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 When the news of Octavius' approach reached the city there was immense confusion and alarm. People ran hither and thither, and some conveyed their wives and children and whatever they held most dear to the fields and to the fortified parts of the city, for it was not yet known that he aimed only at securing the consulship. Having heard that an army was advancing with hostile intentions, there was nothing that they did not fear. The Senate was struck with consternation since it had no military force in readiness. As is usual in cases of panic they blamed each other. Some were blamed because they had wrongfully deprived him of the command of the campaign against Antony, others because they had treated with contempt his demand for a triumph, a request which was not without justice; others because they had envied him the honor of distributing the money; others because he had not been made an additional member of the board of ten. Still others said that the army had become hostile because the gifts voted to them had not been quickly and fully paid. They complained especially because of the inopportune time for such a strife, while Brutus and Cassius were far away and their forces not yet organized, and on their own flank in a hostile attitude were Antony and Lepidus, who, they thought, might form an alliance with Octavius. Thus their fears were greatly augmented. Cicero, who had so long taken the lead, was nowhere to be seen.1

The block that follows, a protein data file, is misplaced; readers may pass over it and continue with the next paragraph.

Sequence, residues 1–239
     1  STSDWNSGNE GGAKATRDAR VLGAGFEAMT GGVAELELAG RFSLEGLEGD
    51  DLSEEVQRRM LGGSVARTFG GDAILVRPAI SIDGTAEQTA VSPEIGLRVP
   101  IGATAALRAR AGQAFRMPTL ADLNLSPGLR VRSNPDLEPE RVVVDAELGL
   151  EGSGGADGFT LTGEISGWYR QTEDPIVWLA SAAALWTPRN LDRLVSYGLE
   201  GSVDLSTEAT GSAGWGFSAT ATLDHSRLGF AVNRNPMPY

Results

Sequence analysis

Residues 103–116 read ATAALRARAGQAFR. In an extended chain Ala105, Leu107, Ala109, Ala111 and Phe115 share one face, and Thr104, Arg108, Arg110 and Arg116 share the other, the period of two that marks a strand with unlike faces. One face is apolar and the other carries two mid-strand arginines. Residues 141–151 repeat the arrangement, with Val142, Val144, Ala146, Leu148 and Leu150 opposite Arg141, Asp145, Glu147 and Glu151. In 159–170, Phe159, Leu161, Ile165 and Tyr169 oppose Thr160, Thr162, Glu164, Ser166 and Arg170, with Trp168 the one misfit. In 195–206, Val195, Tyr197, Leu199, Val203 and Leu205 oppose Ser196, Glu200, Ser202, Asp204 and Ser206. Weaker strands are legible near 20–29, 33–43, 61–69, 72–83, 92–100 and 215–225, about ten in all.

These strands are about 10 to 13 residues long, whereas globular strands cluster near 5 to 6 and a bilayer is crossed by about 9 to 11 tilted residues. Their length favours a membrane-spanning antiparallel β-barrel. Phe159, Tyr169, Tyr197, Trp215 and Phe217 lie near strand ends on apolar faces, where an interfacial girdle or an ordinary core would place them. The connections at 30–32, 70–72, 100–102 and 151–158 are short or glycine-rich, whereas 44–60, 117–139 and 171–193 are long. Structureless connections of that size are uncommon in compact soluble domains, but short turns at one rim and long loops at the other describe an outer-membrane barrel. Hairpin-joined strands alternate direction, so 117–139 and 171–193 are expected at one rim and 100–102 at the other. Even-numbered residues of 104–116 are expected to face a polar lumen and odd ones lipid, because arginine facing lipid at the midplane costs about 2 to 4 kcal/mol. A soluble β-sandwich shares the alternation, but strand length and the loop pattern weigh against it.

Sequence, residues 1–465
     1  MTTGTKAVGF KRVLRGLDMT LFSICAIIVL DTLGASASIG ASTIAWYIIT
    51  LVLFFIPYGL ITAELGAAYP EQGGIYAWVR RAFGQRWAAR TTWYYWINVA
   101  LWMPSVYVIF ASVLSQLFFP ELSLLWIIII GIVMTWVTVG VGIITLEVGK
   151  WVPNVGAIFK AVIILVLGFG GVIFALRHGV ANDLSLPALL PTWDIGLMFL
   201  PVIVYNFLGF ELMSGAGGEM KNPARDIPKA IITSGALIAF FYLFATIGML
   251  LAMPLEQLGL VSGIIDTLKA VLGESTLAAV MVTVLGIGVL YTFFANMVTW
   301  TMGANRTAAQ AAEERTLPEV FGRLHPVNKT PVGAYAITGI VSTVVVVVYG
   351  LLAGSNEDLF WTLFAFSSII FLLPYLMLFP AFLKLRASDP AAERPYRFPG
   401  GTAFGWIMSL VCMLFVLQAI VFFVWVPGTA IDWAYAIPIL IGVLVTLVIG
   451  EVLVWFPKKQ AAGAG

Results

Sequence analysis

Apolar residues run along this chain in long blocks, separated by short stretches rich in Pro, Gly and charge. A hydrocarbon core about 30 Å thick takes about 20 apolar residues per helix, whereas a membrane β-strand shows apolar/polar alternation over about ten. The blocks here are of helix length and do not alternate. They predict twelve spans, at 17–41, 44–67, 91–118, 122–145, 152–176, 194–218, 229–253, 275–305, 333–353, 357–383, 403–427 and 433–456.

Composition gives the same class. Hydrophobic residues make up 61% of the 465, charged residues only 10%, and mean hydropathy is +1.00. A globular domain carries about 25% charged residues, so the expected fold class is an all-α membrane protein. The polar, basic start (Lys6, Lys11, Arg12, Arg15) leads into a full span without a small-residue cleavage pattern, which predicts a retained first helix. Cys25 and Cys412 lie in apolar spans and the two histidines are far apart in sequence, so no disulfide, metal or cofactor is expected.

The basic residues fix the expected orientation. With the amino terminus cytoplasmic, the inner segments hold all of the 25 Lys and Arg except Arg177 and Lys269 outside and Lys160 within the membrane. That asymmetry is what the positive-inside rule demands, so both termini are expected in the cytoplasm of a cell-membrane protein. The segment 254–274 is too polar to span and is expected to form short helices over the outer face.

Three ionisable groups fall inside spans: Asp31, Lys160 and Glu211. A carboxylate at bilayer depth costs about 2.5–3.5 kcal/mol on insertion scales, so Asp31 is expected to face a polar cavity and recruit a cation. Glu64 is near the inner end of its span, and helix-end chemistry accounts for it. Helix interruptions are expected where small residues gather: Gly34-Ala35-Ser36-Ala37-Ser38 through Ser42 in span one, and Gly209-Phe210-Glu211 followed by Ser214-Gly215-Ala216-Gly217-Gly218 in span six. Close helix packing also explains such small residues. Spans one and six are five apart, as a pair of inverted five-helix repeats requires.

1 In the month of July Cicero wrote a despairing letter to Brutus acquainting him with the demand made by Octavius for the consulship. " Octavius," he says, "who has hitherto been governed by my counsels and who has shown a most excellent disposition and an admirable firmness, has been pushed on by certain persons by most wicked letters and lying reports and messages to an absolutely certain hope of the consulship. As soon as I learned this I ceased not to admonish him by letters while absent, and to accuse his friends who are present, and who seem to support his claims, nor did I hesitate to expose in the Senate the source of these most wretched designs. Nor do I remember any affair in which the Senate or the magistrates have shown a better spirit. For it has never before happened when it was a question of conferring an extraordinary honor on a powerful man, or rather an all-powerful man (since power now resides in force and arms), that no one, whether tribune of the people or other magistrate or even a private person, would lift his voice in favor of it. Yet in the midst of this firmness and virtue the city was in a state of anxiety. We are made sport of, Brutus, by the whims of the soldiers and the insolence of the general. Each one demands as much power in the republic as he has the force to extort. Reason, moderation, law, custom, duty, count for nothing, nor is regard for the opinion of citizens, or shame for that of posterity, of any avail. It was because I foresaw all this long ago that I fled from Italy, at the time when the report of your proclamation recalled me." (Ad Brutum, 10.)
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